15. The method of claim 12, wherein from about 0.01 mole % to about 100 mole % of the substituted fullerene molecules further comprise a functional group covalently linked to a B group.
16. The method of claim 15, wherein the functional group is selected from the group consisting of biotin-containing moieties, antigen-binding moieties, and tissue-recognition moieties.
17. The method of claim 12, wherein the wall comprises at least about 75 mol % a substituted fullerene having structure I.
18. The method of claim 12, wherein the therapeutic agent is an anti-cancer drug.
19. The method of claim 12, further comprising
(ii) administering an adjuvant to the mammal, wherein the adjuvant facilitates recognition of the tissue by a functional group, if any, covalently bonded to the substituted fullerene in the layer of the wall adjacent to the vesicle exterior; union of the vesicle with the membrane of a cell of the tissue; or both.
20. The method of claim 12, further comprising:
(ii) disaggregating the vesicle.
21. A method of reversibly forming a vesicle having an interior, an exterior, and a wall, wherein the wall comprises one or more layers and the interior of the vesicle, a portion of the wall between two layers, or both comprise a therapeutic agent, comprising:
dissolving in an aqueous solvent (a) a substituted fullerene having the structure I:

(B)b—Cn-(A)a  (I)
wherein Cn is a fullerene moiety comprising n carbon atoms, wherein n is an integer and 60≦n≦240;
B is an organic moiety comprising from 1 to about 40 polar headgroup moieties;
b is an integer and 1≦b≦5;
each B is covalently bonded to the Cn through 1 or 2 carbon-carbon, carbon-oxygen, or carbon-nitrogen bonds;
A is an organic moiety comprising a terminus proximal to the Cn and one or more termini distal to the Cn, wherein the termini distal to the Cn each comprise —CxHy, wherein x is an integer and 8≦x≦24, and y is an integer and 1≦y≦2x+1;
a is an integer, 1≦a≦5;
2≦b+a≦6; and
each A is covalently bonded to the Cn through 1 or 2 carbon-carbon, carbon-oxygen, or carbon-nitrogen bonds, and
(b) the therapeutic agent,
wherein the pH of the solvent is sufficiently low to form a vesicle from the substituted fullerene and the vesicle comprise at least 50 mole % of the fullerene.
22. The method of claim 21, wherein the wall is a bilayer membrane.
23. The method of claim 21, wherein the wall is a monolayer membrane.
24. The method of claim 21, wherein the pH is less than about 8.0.
25. The method of claim 21, further comprising disaggregating the vesicle.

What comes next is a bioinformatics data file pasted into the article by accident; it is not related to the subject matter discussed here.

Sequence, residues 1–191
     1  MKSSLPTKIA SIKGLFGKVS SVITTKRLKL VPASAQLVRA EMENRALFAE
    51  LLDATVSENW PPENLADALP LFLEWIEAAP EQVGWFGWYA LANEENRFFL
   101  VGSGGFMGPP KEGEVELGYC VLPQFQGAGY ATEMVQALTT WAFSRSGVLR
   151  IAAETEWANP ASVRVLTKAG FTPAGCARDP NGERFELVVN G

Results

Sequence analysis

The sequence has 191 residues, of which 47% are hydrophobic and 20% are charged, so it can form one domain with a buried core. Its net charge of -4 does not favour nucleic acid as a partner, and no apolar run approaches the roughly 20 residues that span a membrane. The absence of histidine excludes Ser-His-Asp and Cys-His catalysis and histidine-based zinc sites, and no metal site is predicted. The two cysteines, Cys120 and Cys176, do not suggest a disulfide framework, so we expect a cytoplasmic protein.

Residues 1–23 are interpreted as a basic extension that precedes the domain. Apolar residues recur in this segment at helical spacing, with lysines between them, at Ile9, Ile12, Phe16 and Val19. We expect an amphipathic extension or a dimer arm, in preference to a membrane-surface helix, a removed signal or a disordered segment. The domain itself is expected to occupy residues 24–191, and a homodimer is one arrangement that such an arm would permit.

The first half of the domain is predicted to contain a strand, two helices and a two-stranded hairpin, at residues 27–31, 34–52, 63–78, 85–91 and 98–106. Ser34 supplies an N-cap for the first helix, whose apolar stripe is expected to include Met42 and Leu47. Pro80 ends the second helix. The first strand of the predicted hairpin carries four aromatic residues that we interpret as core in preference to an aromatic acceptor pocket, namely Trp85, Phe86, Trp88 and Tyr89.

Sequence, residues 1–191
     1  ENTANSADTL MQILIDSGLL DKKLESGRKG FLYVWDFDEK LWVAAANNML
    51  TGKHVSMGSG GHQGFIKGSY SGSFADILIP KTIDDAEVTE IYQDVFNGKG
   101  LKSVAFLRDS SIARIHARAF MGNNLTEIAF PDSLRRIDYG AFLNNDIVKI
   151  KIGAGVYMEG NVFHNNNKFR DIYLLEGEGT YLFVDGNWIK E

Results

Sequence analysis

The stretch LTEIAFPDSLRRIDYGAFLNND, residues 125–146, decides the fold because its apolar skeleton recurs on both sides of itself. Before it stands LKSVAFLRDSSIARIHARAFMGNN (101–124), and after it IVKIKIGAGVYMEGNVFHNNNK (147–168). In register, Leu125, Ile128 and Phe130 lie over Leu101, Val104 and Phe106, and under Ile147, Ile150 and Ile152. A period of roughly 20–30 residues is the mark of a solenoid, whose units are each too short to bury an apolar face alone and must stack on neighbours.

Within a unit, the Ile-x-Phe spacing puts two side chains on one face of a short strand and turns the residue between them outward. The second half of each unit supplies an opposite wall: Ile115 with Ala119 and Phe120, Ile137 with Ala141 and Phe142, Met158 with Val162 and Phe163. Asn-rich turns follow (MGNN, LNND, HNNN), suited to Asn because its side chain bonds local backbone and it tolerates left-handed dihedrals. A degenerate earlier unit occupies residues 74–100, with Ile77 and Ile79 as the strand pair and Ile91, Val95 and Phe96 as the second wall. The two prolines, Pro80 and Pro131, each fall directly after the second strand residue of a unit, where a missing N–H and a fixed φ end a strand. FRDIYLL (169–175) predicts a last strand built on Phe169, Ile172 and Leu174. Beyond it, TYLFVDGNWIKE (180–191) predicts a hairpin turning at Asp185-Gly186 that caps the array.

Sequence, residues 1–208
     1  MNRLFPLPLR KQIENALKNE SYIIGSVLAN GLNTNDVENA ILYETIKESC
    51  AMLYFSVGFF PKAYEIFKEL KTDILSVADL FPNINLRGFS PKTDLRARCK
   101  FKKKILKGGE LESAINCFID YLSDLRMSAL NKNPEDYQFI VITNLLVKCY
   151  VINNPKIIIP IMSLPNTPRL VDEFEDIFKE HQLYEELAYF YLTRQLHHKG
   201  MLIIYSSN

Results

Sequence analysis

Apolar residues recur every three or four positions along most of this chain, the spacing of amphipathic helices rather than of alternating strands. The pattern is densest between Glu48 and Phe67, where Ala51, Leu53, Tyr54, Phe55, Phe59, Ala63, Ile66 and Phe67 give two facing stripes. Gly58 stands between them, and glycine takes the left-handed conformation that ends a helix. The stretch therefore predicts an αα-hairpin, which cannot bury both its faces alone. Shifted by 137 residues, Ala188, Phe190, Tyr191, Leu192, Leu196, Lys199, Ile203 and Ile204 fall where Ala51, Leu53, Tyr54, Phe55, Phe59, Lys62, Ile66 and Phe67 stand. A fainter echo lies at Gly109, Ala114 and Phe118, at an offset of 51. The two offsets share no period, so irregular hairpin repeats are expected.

Description

This application claims priority from copending provisional application 60/356,856, filed Feb. 14, 2002, the disclosure of which is hereby incorporated by reference in its entirety.

BACKGROUND OF THE INVENTION

1. Field of the Invention

The present invention relates to compositions and methods for administering a therapeutic agent to a mammal. More particularly, it relates to vesicles, wherein the vesicle wall comprises substituted fullerenes and the vesicle comprises the therapeutic agent; derivatized carbon nanotubes, wherein the carbon nanotubes are derivatized with the therapeutic agent; and methods for administering the vesicles or derivatized carbon nanotubes to a mammal.

2. Description of Related Art

In recent years, a variety of approaches have been studied and used for drug delivery, DNA transfection, and other medical and biological applications. One such set of approaches involves vesicles or liposomes (the two terms will be used interchangeably herein).

Mishra et al., Drug Deliv. (2000) 7(3):155–159 teaches the loading of erythrocyte ghosts with doxorubicin HCl. So-called reverse biomembrane vesicles were formed by budding of membrane into the ghost interiors (endocytosis) leading to accumulation of small vesicles within each parent ghost. The amount of doxorubicin entrapped in reverse biomembrane vesicles was 0.75 mg/ml of packed vesicles. The in vitro release profile showed 52.86% of drug release in 16 hr.

Guo et al., Drug Deliv. (2000) 7(2):113–116 teaches the preparation of flexible lecithin vesicles containing insulin and assessed the effect of these vesicles on the transdermal delivery of insulin. When vesicles were applied onto mice abdominal skin, blood glucose dropped by greater than 50% within 18 hr.

Freund, Drug Deliv. (2001) 8(4):239–244 teaches the encapsulation of therapeutic molecules in a noncationic multilamellar vector comprising phosphatidylcholine, cholesterol, and polyoxyethylene alcohol. Such vectors with entrapped drugs were prepared by shearing a phospholipidic lyotropic lamellar phase.

However, a need remains in the art for vesicles which possess properties suitable for drug delivery, namely low toxicity of the amphiphiles from which the vesicles are formed and ready vesicle formation and disaggregation, among others. Such properties are also of interest regarding non-vesicle-based drug delivery systems, as well.

Fullerenes, of which the best known example is C60, were first reported by Kroto et al., Nature (1985) 318:162. Since then, the ready derivatization of fullerenes has allowed a wide variety of derivatized fullerenes to be prepared and their properties explored.